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Tuesday, December 4, 2012

The Sessions (Limited Release Date: 11-16-2012)

        One doesn't exactly have to be an anthropologist to tell you that Americans are more than a little squeamish when it comes to sex. This phobia of sorts manifests itself in many facets of society, film being one of several pronounced examples. Somebody being shot to death in front of loved ones (with no blood shown)? Slap a PG on that flick! (Maybe PG-13... maybe). So much as talk about an act that the average human will take part in on countless occasions, and only the very most mature may view your product. Addressing the wrong-headedness of this ideology is far less interesting than observing its effect: American films, year after year after year, are far more adapt at observing and dissecting both the event and the meaning of violence, but are hopelessly outmatched when it comes to elaborating on that most basic of human experiences. Perhaps this fundamental tenant is what takes The Sessions from good to the cusp of greatness. Not only is the film in question populated with great craft from top-to-bottom; it discusses a dicey subject with enough warmth and charm to show why it shouldn't be quite so risque in the first place.

        Writer/Director Ben Lewins' first feature film in nearly 20 years tells the story of poet Mark O'Brien (John Hawkes). A 36-year-old often confined to an iron lung, the O'Brien of the film describes his state of pseudo-paralysis by simply claiming, 'my muscles don't work too good.' This self-affacing wit is one of many reasons why people are drawn to the writer, though his bodily ailments have denied him admittance to mankind's most intimate physical expression. After receiving a go-ahead of sorts from his priest-and-confidant Father Brendan (William H. Macy), Mark contacts Cheryl Cohen Greene (Helen Hunt), a sexual surrogate tasked with both deflowering and teaching the incapacitated charmer the ways of love-making.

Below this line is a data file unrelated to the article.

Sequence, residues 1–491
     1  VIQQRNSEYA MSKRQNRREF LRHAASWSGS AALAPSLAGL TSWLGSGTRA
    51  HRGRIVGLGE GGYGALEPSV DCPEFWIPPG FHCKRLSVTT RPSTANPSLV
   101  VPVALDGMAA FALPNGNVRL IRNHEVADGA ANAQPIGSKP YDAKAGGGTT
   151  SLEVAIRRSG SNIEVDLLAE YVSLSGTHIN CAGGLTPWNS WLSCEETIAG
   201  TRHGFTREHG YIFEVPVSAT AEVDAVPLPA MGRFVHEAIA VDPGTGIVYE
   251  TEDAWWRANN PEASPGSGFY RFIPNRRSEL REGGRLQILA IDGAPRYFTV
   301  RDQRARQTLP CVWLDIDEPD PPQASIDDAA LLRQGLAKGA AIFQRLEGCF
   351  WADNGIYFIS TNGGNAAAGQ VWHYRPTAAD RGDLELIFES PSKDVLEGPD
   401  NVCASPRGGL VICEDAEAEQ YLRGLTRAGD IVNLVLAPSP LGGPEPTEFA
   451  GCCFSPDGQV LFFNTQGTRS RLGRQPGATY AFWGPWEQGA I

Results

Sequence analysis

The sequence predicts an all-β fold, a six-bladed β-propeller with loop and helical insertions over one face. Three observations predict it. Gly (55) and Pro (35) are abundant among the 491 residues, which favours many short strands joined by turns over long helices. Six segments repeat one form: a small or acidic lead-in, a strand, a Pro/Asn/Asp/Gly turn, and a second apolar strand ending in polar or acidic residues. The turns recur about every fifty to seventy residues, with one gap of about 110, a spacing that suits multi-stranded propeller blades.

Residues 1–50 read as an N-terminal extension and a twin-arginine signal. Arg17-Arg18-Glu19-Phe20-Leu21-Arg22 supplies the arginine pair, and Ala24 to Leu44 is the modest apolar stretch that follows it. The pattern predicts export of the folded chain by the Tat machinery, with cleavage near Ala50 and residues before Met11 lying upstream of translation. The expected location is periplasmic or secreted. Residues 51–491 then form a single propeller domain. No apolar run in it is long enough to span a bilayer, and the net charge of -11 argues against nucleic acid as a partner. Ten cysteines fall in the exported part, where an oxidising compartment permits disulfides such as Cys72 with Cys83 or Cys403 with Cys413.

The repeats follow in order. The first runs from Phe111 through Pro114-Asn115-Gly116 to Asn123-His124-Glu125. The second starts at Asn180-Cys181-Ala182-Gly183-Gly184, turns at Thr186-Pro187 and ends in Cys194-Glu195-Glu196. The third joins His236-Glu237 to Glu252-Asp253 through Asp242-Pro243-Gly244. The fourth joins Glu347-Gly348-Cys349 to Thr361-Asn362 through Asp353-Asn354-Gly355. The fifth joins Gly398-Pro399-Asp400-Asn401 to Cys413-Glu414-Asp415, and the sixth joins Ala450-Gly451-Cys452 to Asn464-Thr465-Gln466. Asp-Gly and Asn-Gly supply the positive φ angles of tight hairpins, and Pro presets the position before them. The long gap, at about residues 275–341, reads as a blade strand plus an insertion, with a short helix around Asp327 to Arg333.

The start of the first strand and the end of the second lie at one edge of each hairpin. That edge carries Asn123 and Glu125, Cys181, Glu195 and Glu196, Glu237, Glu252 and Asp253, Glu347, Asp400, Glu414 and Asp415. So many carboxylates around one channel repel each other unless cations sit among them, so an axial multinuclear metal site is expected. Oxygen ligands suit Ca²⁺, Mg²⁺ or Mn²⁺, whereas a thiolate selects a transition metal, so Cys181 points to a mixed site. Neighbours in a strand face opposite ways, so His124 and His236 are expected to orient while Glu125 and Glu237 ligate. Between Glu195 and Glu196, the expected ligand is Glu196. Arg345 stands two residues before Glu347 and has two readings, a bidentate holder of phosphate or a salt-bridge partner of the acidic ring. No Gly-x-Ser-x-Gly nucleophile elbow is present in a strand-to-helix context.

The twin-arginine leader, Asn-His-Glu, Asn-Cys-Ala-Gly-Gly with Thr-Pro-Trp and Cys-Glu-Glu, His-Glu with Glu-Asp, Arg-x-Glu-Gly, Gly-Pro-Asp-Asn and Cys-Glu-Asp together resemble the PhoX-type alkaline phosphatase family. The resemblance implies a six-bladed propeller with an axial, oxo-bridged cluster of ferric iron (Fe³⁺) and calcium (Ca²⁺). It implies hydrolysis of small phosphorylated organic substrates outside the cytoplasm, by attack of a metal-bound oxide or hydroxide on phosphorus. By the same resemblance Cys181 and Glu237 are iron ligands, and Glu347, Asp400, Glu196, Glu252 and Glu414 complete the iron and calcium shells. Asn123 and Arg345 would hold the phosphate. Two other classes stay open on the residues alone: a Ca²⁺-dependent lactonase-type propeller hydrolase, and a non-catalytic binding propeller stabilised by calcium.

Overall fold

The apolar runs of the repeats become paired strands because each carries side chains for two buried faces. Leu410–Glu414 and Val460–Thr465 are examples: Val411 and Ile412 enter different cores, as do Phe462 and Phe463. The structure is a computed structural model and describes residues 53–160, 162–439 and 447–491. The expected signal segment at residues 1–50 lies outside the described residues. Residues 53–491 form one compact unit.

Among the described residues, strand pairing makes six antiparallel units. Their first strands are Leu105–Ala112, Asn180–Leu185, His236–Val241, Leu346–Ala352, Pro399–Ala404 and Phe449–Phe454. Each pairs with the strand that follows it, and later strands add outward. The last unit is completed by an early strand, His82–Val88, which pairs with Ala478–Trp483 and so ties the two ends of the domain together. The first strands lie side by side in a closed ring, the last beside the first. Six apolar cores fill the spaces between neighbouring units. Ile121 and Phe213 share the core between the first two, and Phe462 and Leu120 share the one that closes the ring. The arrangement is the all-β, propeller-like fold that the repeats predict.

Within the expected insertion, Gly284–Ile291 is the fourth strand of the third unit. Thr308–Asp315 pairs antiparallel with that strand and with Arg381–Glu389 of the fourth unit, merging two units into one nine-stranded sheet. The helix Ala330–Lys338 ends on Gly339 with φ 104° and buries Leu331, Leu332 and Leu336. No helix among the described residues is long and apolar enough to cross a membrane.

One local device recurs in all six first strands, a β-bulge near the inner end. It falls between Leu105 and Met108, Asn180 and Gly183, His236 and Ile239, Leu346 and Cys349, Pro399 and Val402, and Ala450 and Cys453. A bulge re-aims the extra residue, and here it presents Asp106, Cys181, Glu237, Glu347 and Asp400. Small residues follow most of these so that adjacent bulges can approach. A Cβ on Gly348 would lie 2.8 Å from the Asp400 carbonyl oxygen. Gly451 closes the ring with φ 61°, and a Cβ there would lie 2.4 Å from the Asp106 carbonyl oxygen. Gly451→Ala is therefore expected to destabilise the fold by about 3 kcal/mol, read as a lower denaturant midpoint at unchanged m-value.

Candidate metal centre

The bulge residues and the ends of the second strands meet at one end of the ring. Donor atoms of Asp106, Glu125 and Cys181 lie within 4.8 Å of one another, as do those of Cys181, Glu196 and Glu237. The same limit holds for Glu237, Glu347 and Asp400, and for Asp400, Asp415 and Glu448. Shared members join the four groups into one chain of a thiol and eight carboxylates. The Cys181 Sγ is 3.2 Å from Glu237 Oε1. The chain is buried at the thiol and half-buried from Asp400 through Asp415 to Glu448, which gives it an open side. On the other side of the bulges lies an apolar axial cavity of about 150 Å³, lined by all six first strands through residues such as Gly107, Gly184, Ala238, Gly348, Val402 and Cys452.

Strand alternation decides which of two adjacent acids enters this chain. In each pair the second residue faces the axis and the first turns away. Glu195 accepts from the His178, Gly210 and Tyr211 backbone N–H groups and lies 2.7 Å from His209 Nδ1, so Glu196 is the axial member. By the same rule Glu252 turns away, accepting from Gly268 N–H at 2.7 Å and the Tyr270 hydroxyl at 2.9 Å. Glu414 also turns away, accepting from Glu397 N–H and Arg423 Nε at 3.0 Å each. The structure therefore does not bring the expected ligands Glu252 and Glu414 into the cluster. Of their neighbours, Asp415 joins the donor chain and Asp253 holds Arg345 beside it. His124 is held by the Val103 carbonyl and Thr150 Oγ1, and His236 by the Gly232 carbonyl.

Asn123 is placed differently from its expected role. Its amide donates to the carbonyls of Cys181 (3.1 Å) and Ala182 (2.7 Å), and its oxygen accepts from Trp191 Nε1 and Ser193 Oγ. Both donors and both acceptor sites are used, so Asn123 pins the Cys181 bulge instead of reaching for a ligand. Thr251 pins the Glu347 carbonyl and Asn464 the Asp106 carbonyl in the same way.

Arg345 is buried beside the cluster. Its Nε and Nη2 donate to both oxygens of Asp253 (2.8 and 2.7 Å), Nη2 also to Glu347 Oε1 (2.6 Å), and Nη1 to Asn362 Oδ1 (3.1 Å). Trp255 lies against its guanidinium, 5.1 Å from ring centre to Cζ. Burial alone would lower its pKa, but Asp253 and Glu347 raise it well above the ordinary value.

There's an easy-going appeal to nearly every moment of The Sessions, an accomplishment that owes thanks to many contributors. Lewin, brushing off the cobwebs to return to the director's chair, displays a breezy grace in how he chooses to unfurl his film. Without his acute awareness of when to go for the gut, and when to pull back a bit, this could have easily been a Hallmark Channel original. The project's class is bolstered by Geoffrey Simpson's subtle and lovely work behind the camera, as well as Marco Beltrami's marvelous score, minute in size, but resplendent in emotional impact. Then there are Hawkes and Hunt, both so brave, inviting, and human at every turn, each registering the numerous emotions that complicated real-life situations often present, and directors often lack the confidence to capture and display. The Sessions is not a perfect movie: it's use of religion feels forced, and there are occasional moments when the sensationalism of the story begins to overwhelm. But The Sessions is still a treasured rarity: a American movie willing and able to delve into human sexuality with courage, humor, and empathy. It may be a bit raw for some, and perhaps a touch slow-moving for others. I think it's just about perfect.

Grade: A- 

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